*Historically Black Colleges and Universities (HBCUs) are still lagging behind in the digital age department. While other institutions of higher learning, such as Washington D.C., based American University, thrive in the social media stratosphere, leading HBCU’s like Howard University, tread the mediocre trampoline when it comes to joining forces with technology.

Multimedia courses are a mandate for any journalism student these days. Unfortunately, it appears that Howard and other black colleges are consistently failing this class. Outside of a few multimedia classes that are presented to students as electives, students at Howard’s School of Communications and at other HBCUs don’t have a chance to compete with their peers.

The urgency to create a viable social media learning environment is simply not there.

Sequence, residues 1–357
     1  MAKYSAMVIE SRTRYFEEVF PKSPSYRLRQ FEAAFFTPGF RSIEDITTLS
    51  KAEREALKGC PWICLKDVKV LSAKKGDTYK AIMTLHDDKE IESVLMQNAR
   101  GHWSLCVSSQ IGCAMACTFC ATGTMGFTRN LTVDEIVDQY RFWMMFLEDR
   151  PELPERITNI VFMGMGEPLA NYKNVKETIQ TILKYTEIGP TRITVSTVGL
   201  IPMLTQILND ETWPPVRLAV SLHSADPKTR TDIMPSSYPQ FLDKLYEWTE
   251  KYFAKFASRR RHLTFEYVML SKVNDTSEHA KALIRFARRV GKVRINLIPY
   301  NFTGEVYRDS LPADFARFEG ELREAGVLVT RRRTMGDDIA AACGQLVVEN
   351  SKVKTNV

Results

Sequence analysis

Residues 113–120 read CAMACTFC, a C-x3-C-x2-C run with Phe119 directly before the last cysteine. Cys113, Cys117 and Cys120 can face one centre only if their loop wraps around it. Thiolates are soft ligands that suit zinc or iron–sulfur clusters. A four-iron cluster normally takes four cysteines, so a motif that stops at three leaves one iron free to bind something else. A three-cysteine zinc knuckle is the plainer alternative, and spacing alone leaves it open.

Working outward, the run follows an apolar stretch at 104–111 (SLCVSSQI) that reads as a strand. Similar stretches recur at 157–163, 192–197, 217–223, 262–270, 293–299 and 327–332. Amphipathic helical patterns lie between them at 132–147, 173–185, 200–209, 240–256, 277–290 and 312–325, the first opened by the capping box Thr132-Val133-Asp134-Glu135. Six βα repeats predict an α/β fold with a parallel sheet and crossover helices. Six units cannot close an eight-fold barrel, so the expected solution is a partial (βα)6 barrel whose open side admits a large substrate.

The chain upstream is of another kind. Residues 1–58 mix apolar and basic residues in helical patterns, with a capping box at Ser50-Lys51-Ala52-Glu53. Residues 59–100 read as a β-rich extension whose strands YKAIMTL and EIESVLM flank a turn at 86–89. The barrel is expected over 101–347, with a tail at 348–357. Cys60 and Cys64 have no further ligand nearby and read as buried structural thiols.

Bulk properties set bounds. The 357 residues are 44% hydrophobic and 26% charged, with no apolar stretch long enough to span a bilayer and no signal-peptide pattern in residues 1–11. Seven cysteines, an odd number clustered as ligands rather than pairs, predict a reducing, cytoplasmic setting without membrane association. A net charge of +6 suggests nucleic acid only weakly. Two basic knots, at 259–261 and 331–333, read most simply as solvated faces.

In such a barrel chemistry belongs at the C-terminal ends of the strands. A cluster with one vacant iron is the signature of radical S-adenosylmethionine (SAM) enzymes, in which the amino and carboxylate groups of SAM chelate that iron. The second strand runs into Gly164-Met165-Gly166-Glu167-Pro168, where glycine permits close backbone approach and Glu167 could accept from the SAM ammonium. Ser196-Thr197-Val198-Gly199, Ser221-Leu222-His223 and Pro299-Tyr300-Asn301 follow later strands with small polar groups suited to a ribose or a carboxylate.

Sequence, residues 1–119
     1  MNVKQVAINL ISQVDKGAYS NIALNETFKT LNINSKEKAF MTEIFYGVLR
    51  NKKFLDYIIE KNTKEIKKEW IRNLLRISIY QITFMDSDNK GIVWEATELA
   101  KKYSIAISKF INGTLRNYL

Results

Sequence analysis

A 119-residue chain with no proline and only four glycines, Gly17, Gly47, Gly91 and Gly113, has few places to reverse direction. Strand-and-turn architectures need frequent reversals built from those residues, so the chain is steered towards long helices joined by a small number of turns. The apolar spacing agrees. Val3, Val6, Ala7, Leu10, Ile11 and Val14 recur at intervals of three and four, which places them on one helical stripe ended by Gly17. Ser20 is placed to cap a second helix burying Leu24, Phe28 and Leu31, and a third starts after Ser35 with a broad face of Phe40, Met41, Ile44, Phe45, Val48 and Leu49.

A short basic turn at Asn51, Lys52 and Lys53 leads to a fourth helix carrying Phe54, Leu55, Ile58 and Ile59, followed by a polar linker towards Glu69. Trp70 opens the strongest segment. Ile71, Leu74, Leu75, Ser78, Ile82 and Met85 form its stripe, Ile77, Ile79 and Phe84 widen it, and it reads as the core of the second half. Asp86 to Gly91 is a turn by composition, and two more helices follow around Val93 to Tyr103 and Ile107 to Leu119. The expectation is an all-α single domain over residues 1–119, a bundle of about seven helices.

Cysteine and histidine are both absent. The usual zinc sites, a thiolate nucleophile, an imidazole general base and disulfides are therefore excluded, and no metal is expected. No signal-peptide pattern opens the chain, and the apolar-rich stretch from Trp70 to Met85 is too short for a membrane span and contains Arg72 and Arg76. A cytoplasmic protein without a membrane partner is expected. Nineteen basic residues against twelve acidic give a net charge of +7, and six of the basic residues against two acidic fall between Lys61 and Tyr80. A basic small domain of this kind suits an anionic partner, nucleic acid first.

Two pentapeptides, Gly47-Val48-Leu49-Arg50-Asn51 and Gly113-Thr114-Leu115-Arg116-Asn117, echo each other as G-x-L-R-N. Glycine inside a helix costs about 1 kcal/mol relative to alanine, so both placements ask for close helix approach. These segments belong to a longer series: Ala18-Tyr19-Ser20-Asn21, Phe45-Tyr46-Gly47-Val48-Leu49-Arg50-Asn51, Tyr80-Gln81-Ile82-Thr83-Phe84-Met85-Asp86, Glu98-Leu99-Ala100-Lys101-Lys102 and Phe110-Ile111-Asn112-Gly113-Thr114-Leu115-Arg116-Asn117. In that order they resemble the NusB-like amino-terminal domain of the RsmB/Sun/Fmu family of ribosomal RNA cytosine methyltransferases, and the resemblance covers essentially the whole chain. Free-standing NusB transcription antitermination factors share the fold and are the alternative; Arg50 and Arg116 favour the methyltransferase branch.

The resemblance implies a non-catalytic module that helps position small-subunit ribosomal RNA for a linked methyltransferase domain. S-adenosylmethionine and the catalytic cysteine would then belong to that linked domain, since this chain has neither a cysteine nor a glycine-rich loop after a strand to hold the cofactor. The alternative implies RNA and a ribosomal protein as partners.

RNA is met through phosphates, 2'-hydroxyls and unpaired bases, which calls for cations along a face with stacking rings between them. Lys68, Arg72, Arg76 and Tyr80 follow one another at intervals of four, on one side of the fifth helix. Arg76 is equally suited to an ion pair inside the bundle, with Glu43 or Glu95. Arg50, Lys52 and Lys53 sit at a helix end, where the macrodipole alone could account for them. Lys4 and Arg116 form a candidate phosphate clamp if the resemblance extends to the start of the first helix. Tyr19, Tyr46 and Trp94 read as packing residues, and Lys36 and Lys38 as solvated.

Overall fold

Schools like American University even have their professors in on the Facebook and Twitter craze. While at Howard and HBCUs, technology moves along at a snail’s pace as the new information highway continue to whizz by. While students at Howard and other HBCUs stand idle on the sidelines, the digital age and technology employment opportunities are moving past them.

Advanced and better technology is absence at Howard. The school also lacks the fundamental resources needed to create classes that instruct students on how to improve their multimedia and social media knowledge.

Technology and social media have become the driving force in just about all businesses, but most likely have affected the media industry the most. Social and multimedia are changing the way society consumes news, therefore it only makes sense the way media is taught in our schools be changed too.

If Howard and other HBCUs don’t hurry up and get on board quickly, students at these schools will suffer the consequences and won’t stand a chance in the new age job market.